loading page

Moment tensors of ring-faulting at active volcanoes: Insights into vertical-CLVD earthquakes at the Sierra Negra caldera, Galápagos Islands
  • +3
  • Osamu Sandanbata,
  • Hiroo Kanamori,
  • Luis Rivera,
  • Zhongwen Zhan,
  • Shingo Watada,
  • Kenji Satake
Osamu Sandanbata
Now at National Research Institute for Earth Science and Disaster Prevention, Now at National Research Institute for Earth Science and Disaster Prevention

Corresponding Author:osm3@bosai.go.jp

Author Profile
Hiroo Kanamori
Caltech, Caltech
Author Profile
Luis Rivera
Université de Strasbourg, Université de Strasbourg
Author Profile
Zhongwen Zhan
California Institute of Technology, California Institute of Technology
Author Profile
Shingo Watada
University of Tokyo, University of Tokyo
Author Profile
Kenji Satake
University of Tokyo, University of Tokyo
Author Profile


Large earthquakes (Mw > 5) with moment tensors (MTs) dominated by a vertical compensated-linear-vector-dipole (vertical-CLVD) component are often generated by dip slip along a curved ring-fault system at active volcanoes. However, relating their MTs to ring-fault parameters has proved difficult. The objective of this study is to find a robust way of estimating ring-fault parameters based on their MT solutions obtained from long-period seismic records. We first model the MTs of idealized ring-faulting and show that an MT component representing the vertical dip-slip mechanism is indeterminate from long-period seismic waves owing to a shallow source depth, whereas the other MT components representing the vertical-CLVD and vertical strike-slip mechanisms are resolvable. We then propose a new method for estimating the arc angle and orientation of ring-faulting using the two resolvable MT components. For validation, we study a vertical-CLVD earthquake that occurred during the 2005 volcanic activity at the Sierra Negra caldera, Galápagos Islands. The resolvable MT components are stably determined from long-period seismic waves, and our estimation of the ring-fault parameters is consistent with the ring-fault geometry identified by previous geodetic studies and field surveys. We also estimate ring-fault parameters of two earthquakes that took place during the 2018 activity at the caldera, revealing significant differences between the two earthquakes in terms of slip direction and location. These results show the usefulness of our method for estimating ring-fault parameters of vertical-CLVD earthquakes, enabling us to examine the kinematics and structures below active volcanoes with ring faults that are distributed globally.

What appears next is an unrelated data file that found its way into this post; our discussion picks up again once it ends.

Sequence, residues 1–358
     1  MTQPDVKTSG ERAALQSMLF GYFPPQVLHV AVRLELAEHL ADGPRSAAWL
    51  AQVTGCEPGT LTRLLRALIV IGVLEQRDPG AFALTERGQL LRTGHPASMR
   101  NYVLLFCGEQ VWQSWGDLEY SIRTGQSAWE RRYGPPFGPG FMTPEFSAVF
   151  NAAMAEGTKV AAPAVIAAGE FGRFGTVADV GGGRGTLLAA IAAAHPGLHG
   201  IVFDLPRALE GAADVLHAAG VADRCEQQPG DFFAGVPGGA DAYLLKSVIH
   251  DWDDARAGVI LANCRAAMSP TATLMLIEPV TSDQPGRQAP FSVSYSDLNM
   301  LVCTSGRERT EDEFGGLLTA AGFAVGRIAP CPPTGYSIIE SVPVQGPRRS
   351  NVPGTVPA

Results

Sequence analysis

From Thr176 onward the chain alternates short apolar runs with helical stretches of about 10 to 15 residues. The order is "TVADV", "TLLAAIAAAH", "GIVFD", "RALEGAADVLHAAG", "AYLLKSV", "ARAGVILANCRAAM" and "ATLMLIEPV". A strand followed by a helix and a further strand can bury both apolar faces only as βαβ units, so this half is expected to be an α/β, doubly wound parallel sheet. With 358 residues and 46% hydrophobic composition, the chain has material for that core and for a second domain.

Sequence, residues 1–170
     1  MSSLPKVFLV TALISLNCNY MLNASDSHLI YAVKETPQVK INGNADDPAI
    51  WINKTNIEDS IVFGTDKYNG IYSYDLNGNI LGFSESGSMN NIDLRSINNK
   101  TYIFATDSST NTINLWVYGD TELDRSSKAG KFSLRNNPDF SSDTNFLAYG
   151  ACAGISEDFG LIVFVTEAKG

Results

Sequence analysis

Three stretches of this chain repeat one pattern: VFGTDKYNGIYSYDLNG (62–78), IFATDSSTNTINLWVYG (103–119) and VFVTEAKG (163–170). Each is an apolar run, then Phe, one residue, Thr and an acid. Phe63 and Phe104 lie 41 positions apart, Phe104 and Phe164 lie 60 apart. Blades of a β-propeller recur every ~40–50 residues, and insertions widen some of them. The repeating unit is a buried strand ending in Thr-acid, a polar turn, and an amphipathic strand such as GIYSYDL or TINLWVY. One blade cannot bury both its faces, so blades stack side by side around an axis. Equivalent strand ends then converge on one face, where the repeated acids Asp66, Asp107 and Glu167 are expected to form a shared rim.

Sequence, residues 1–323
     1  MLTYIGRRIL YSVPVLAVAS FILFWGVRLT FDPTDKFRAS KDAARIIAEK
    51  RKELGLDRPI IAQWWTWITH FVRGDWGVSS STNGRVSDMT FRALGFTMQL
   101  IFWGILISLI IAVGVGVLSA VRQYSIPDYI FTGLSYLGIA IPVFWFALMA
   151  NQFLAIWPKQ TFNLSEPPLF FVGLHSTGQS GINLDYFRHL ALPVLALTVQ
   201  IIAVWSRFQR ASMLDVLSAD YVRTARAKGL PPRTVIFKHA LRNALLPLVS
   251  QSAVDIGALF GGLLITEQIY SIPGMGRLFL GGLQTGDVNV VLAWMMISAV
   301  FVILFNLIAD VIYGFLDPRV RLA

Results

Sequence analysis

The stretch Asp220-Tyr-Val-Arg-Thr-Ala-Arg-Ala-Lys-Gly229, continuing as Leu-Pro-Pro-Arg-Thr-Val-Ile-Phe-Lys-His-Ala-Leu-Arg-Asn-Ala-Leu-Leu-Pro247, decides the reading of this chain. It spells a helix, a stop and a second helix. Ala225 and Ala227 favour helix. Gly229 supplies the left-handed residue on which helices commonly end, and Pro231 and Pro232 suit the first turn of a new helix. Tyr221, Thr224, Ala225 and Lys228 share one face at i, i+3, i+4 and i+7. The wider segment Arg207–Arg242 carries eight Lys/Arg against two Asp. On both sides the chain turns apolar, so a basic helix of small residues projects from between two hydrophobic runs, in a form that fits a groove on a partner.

Jun 2021Published in Journal of Geophysical Research: Solid Earth volume 126 issue 6. 10.1029/2021JB021693